Health fears debunked in mast debate

Research released this week has found that people who believe that proximity to mobile phone base stations has adverse effects on their health have no one but themselves to blame.

The Environmental Health Perspectives study, carried out by researchers at the University of Essex in the UK and supported by the US National Institute of Environmental Health Sciences, was a double blind, randomised provocation investigation into whether short term exposure to base station signals increased symptoms in individuals who report electrosensitivity.

Predictably enough, participants in the study were not able to tell whether the base station was switched on or off when exposed to it. However, those claiming to be electrosensitive did report symptoms when they thought the base station was on, even if it wasn’t. They also reported increased discomfort when exposed to a UMTS/3G base station, regardless of whether it was on or not.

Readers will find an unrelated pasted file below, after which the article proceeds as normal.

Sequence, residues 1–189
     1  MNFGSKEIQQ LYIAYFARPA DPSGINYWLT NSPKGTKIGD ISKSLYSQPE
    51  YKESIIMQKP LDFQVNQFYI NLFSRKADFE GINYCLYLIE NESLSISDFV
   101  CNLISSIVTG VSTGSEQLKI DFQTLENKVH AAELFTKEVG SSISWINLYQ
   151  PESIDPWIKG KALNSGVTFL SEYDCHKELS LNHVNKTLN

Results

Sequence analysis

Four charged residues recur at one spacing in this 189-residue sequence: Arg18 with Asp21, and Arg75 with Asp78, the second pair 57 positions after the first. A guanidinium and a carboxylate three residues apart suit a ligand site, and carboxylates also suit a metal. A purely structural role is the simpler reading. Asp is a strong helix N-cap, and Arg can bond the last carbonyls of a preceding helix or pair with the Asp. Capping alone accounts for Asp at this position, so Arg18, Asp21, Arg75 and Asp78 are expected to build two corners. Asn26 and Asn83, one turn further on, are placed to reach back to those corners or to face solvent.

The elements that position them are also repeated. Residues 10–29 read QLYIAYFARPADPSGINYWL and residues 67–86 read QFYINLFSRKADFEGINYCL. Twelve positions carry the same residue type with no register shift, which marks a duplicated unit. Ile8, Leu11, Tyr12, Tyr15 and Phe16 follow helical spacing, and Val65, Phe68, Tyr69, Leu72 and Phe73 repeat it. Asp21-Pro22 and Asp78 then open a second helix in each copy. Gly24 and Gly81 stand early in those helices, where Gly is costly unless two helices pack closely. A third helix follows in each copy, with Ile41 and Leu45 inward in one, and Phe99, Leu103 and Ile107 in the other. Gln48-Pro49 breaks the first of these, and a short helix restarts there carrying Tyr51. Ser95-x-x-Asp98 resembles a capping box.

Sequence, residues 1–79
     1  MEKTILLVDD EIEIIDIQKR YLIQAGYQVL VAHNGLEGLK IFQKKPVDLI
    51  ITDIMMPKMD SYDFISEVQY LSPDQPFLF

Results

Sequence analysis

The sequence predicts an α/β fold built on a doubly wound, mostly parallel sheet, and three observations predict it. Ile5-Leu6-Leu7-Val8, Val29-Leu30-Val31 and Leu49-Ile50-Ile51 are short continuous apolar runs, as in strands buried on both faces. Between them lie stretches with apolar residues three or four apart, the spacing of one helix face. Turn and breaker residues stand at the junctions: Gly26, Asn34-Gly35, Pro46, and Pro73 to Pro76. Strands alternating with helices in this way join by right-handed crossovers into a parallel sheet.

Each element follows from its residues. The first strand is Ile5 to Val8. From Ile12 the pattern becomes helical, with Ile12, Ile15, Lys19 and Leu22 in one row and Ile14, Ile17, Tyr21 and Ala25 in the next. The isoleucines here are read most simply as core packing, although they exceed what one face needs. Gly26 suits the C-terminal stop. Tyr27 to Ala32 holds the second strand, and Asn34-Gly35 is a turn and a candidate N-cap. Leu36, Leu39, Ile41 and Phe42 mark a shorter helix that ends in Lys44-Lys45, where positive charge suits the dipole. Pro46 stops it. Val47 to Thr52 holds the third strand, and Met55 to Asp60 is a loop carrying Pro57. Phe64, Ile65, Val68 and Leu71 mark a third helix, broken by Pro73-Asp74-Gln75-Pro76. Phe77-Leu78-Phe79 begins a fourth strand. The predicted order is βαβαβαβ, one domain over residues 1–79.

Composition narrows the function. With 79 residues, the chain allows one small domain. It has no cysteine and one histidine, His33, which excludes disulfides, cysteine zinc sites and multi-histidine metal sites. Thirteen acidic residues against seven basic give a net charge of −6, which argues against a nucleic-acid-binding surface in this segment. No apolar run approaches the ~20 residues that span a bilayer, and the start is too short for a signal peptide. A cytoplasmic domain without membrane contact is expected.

Out of the participants, two of the 44 individuals claiming to be electrosensitive correctly judged if a base station was on or off in six tests, as did five out of 114 control participants who had never reported symptoms of electrosensitivity.

Interestingly though, the symptoms experienced by those claiming to be electrosensitive were real, demonstrating the power of belief in something individuals think can harm them.

This response adds weight to the argument that ill health related to electrosensitivity is a psychological problem and is not caused by exposure to mobile phone masts or other electronic devices.

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